6. NYC will continue to see an influx of new residents​

Despite high rents, StreetEasy search data suggests the city continues to draw interest from potential new residents wishing to move from other areas. In November this year, rental search volume on StreetEasy originating from areas outside New York City was almost double the level prior to the pandemic, with the Washington D.C., Boston, and Atlanta areas showing the strongest renter interest. Robust interest in NYC rentals from outside the city despite less affordability coincides with the solid recovery of the NYC economy, which by September of this year had regained 97% of the jobs lost during the pandemic, according to analysis by the NYC Office of the Comptroller. In addition to the job opportunities, many NYC neighborhoods continue to find ways to charm locals as well as would-be residents.


David Goldsmith

All Powerful Moderator
Staff member
CRE Predictions For 2023: Distress, Opportunity And Another 'Roller Coaster' Year

After the last three years, there are few real estate professionals brave enough to make confident predictions about what will happen in 2023 — other than to say once again to expect the unexpected.

“We expect 2023 to herald a whole lot more of the same relative to 2022, and by that, I mean it's likely to be a similar roller coaster ride,” Moody’s Analytics Head of Commercial Real Estate Economics Victor Calanog said. “It's not all downs, it's a lot of ups and downs.”

Commercial real estate enters 2023 pointing in the opposite direction as it did a year ago. The Federal Reserve has pushed its benchmark rate to 4.5% after starting 2022 near zero, a rapid change in the state of affairs that has ground sales volume to a standstill and killed deals around the country.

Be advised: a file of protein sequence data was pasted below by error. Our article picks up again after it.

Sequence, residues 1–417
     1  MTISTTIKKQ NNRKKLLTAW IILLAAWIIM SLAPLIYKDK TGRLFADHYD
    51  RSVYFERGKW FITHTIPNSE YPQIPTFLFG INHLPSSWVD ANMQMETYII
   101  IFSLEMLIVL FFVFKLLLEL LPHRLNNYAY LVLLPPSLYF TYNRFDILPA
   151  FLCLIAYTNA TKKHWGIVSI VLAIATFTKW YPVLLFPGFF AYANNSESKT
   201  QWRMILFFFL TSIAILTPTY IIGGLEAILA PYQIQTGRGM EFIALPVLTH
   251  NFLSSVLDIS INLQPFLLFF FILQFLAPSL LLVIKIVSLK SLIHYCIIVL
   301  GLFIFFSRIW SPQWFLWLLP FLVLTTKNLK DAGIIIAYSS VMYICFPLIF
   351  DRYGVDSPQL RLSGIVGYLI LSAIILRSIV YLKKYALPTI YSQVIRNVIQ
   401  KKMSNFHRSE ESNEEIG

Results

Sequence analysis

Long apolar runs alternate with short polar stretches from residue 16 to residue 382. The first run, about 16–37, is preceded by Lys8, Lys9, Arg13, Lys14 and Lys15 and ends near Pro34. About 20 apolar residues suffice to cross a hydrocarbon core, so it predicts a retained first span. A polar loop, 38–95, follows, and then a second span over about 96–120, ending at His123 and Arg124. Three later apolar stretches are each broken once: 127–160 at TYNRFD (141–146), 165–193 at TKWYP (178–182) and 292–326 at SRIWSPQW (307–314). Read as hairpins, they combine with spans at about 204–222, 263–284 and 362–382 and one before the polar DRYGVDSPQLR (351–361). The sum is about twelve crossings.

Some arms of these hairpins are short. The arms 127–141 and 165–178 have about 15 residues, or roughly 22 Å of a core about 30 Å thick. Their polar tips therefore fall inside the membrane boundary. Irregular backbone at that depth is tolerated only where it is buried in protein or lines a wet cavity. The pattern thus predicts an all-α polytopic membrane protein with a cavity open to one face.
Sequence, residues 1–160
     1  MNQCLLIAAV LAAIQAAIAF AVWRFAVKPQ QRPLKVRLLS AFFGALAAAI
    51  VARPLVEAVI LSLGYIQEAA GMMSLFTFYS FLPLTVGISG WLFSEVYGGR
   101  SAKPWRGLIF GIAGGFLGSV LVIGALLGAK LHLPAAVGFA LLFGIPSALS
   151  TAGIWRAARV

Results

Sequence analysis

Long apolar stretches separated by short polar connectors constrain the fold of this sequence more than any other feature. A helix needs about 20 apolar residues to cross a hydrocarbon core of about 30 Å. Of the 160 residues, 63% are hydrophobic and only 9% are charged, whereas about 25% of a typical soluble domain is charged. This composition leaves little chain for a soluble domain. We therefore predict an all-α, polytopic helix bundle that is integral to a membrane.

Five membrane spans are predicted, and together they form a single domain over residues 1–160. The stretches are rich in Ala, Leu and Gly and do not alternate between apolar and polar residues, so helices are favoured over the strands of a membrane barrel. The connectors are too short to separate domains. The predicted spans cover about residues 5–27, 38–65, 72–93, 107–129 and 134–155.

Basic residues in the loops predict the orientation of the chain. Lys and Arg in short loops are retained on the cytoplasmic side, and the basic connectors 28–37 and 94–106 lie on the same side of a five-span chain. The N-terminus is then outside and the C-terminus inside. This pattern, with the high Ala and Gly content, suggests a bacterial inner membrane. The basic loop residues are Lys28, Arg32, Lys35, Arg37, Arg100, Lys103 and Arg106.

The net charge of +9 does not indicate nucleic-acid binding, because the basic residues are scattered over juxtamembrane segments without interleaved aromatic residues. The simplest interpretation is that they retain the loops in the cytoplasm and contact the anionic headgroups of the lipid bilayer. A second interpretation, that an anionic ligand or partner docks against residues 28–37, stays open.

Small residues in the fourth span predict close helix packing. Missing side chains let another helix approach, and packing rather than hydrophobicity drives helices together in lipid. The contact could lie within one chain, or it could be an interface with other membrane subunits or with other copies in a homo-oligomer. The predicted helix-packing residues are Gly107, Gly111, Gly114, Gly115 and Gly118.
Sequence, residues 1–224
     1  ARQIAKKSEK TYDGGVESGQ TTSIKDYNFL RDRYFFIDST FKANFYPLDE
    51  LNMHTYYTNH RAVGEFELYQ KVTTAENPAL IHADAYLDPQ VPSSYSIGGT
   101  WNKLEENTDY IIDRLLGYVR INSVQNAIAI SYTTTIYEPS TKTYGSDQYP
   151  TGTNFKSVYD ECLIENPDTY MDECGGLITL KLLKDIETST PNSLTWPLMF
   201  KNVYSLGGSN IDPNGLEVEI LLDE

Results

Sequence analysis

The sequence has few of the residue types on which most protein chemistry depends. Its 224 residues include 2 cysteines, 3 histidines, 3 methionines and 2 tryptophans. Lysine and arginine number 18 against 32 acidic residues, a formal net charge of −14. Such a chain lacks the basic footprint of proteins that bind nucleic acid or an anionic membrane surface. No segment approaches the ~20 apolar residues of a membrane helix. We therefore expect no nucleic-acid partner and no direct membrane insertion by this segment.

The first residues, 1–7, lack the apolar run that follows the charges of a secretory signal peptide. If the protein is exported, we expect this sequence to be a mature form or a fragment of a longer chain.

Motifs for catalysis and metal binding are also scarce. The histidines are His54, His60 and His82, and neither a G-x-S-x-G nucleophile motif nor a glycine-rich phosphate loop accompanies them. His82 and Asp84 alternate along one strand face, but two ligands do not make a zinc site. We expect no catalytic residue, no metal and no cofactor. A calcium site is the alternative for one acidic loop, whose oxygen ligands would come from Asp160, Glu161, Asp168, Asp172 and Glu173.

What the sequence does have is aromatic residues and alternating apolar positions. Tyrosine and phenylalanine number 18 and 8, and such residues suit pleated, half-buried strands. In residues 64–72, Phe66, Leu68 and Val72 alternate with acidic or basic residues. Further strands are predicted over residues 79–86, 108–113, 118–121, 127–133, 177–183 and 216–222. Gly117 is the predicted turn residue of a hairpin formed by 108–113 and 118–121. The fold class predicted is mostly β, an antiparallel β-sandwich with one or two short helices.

Rents at multifamily and industrial properties have soared this year, but amid the Fed's aggressive campaign to rein in inflation, demand for both has started to come down. More significantly, demand for office space has never approached pre-pandemic levels, and office occupancy is still below 50% of what it was in most large markets.

Meanwhile, predictions of a recession next year — and whether the overheated recovery will end with a hard or soft landing — have intensified. Nothing is predictable these days but something of general consensus is taking place on apartment rents, the U.S. economy, return to office and how the Fed may behave in 2023.

It might not turn into a nightmare year along the lines of 2008 — but it certainly "won't be pleasant," CBRE predicted — and it will likely be defined by what doesn’t happen more than what actually does.